Why take a supplement? There are at least thirteen vitamins and seventeen minerals and trace elements which we need daily in order for our bodies to function properly and to keep illness away. For example, we need zinc and vitamin A for our immune systems to work, iron to make blood, calcium and magnesium to keep our bones and muscles (including our hearts) healthy, vitamin C and vitamin E to protect our hearts, and so on. If we do not get enough vitamins and minerals, we are inviting illness in. The modern American diet is low in the vitamins and minerals we need. That is why it is often said that people can be obese, yet starving – they are starved of nutrients.
Why take a supplement? Even when we eat foods which should be high in vitamins and minerals, often they are not, because modern farming methods have reduced levels in our soil. An orange you buy in the supermarket today, for example, can actually contain no vitamin C, while magnesium levels in carrots have dropped by around 75 percent since 1940. Doing the Hot Spot Plan will help you get the nutrients you need. However, if you have been depleted for many years or you cannot always eat enough of the best-quality produce, then you may need extra help. This is why millions of Americans take supplements.
Why take a supplement? But supplements have been described as ‘expensive urine‘, meaning that we simply excrete them without absorbing any of the nutrients. It seems unlikely that a handful of pills can provide the same nutrients as a tree dripping with ripe fruit, a fresh head of broccoli, or a salmon leaping from a river. Can supplements be of any use to us? Can they help us live the BluePrint for Life?
Studies of vitamin and mineral supplements are mixed. Many seem to show that supplements have no effect. One large study published in the Journal of the American Medical Association in 2007 suggested that taking antioxidant supplements might actually increase mortality risk. Other studies suggest that supplements can be of help, or even save lives. For example, the New England Journal of Medicine reported in 1993 that the Nurse's Health Study, which looked at over 87,000 women, showed that vitamin E when taken in the long term is associated with lower risk of heart disease in middle-aged women.
Do supplements work? There are plenty of anecdotal reports from people who say that supplements help them. People who have low thyroid function, for example, report that taking vitamins and minerals gives them the boost they need where diet may not be enough to get vitamins and minerals in the large quantities required. It can be hard to measure the effect of taking supplements, since subjects taking them will not be eating exactly the same diet as each other. This is a problem with studies. Eating a poor diet and taking a supplement is different from eating a good diet and taking a supplement. Supplements also differ drastically in quality which may affect the results of studies.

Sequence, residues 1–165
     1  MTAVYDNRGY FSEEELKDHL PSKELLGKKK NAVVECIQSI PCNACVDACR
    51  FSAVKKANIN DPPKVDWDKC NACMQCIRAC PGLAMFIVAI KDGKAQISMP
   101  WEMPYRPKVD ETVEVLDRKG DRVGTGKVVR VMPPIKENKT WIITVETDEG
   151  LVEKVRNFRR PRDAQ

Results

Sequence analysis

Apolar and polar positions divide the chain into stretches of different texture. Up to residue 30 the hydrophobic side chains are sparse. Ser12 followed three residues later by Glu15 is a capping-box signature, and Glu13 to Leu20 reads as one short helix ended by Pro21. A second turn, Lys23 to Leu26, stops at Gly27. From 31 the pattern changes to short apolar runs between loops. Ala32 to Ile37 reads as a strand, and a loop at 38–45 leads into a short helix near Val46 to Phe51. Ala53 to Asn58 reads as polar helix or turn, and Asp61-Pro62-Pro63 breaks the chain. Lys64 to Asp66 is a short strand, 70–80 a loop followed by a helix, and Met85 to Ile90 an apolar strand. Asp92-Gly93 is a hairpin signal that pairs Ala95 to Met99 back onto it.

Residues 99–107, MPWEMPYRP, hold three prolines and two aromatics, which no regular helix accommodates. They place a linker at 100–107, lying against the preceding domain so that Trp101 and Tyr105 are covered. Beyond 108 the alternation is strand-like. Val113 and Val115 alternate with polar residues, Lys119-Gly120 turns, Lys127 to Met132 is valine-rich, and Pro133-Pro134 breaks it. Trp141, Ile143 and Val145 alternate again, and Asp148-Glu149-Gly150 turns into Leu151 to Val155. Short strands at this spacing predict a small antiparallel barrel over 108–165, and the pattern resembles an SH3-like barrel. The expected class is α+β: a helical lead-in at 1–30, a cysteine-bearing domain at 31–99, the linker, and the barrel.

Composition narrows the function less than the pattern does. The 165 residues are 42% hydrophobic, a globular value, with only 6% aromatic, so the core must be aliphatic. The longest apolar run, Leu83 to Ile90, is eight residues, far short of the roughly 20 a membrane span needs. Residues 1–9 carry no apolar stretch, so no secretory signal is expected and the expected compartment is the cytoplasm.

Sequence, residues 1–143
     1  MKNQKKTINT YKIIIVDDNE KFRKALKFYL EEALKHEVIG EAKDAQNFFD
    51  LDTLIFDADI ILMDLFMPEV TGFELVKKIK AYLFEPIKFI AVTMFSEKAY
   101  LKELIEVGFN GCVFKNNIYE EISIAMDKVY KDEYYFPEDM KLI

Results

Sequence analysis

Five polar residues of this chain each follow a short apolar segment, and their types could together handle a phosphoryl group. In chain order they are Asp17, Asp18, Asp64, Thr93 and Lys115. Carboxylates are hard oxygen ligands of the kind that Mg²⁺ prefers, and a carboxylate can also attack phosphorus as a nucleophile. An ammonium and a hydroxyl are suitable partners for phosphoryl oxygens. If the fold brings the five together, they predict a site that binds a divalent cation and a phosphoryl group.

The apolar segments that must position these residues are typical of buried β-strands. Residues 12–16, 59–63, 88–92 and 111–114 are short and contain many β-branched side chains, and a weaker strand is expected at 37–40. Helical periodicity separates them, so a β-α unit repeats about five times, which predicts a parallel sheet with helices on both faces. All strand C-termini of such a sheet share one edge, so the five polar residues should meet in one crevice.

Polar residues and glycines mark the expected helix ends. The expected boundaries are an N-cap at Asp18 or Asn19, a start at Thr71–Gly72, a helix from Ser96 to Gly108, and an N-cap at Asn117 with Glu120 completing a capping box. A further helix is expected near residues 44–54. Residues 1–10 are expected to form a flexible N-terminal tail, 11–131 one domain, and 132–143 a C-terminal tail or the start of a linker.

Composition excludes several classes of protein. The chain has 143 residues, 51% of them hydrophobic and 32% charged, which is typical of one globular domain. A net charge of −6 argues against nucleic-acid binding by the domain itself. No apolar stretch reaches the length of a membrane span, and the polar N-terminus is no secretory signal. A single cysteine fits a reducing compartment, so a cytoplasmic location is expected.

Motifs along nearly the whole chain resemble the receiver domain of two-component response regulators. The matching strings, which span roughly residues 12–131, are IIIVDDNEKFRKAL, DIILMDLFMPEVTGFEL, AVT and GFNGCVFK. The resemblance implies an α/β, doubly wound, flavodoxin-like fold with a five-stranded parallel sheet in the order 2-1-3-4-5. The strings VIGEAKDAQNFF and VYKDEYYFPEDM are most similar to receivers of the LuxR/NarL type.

Synthetic vs. natural supplements Vitamins and minerals come from plants, rocks, soil, water, animals. In order to be produced in the huge quantities required by all the millions of supplement-takers there are, vitamins are usually either synthesized or cultured in a laboratory rather than being gathered from natural sources.
Synthetic vs. natural supplements In most cases, there is no difference between a synthetic and a natural vitamin. There are two exceptions to this. – One is vitamin E, which exists as d-tocopherol in nature and l-tocopherol when synthetic. – The other is folate, which becomes folic acid when produced in the laboratory. Both of these are more compatible with our body chemistry in their natural form; the synthetic versions are inferior. Folic acid behaves slightly differently in cells from folate, and there is some evidence to suggest that, unlike folate, it may increase the risk of cancer when used in very high doses, although this is not known for sure. Good-quality supplements are more likely to contain these in their natural forms (i.e., as d-tocopherol and as folate).
With most supplement brands, the vitamins and minerals exist on their own instead of being part of an animal or plant or rock. This is not a natural way for them to exist. In nature, vitamins and minerals come as part of a package. And when something is not natural, it is usually not suited to how our bodies work. It is now known that the body will absorb nutrients much better when they come as part of the food or nutrients they are packaged with in nature. For example, when vitamin C is bound with bioflavonoids, as it is in a plant, the bioavailability of the vitamin C is increased by 30 percent. This means that if we eat vitamin C as part of an apple it will be much more potent than if we take it alone as a supplement.
Part of a package Studies also show that the antioxidant and anti-cancer effects of individual nutrients are at their most effective when other phytochemicals (plant chemicals) are present. Another problem with taking vitamins and minerals in isolation is that their antioxidant action can start to work against us. Antioxidants need to work with a wide range of other antioxidants, otherwise they can become damaging free radicals themselves. This may explain why some studies suggest that high-dose antioxidant supplements may not be good for health. Minerals and trace elements (such as iron, calcium and zinc) used in supplements are harvested from rocks. However, the minerals found in rocks cannot be absorbed by the body. Supplements manufacturers partly get around this by combining them with other substances. However, minerals are best absorbed when we ingest them as part of plant or animal food.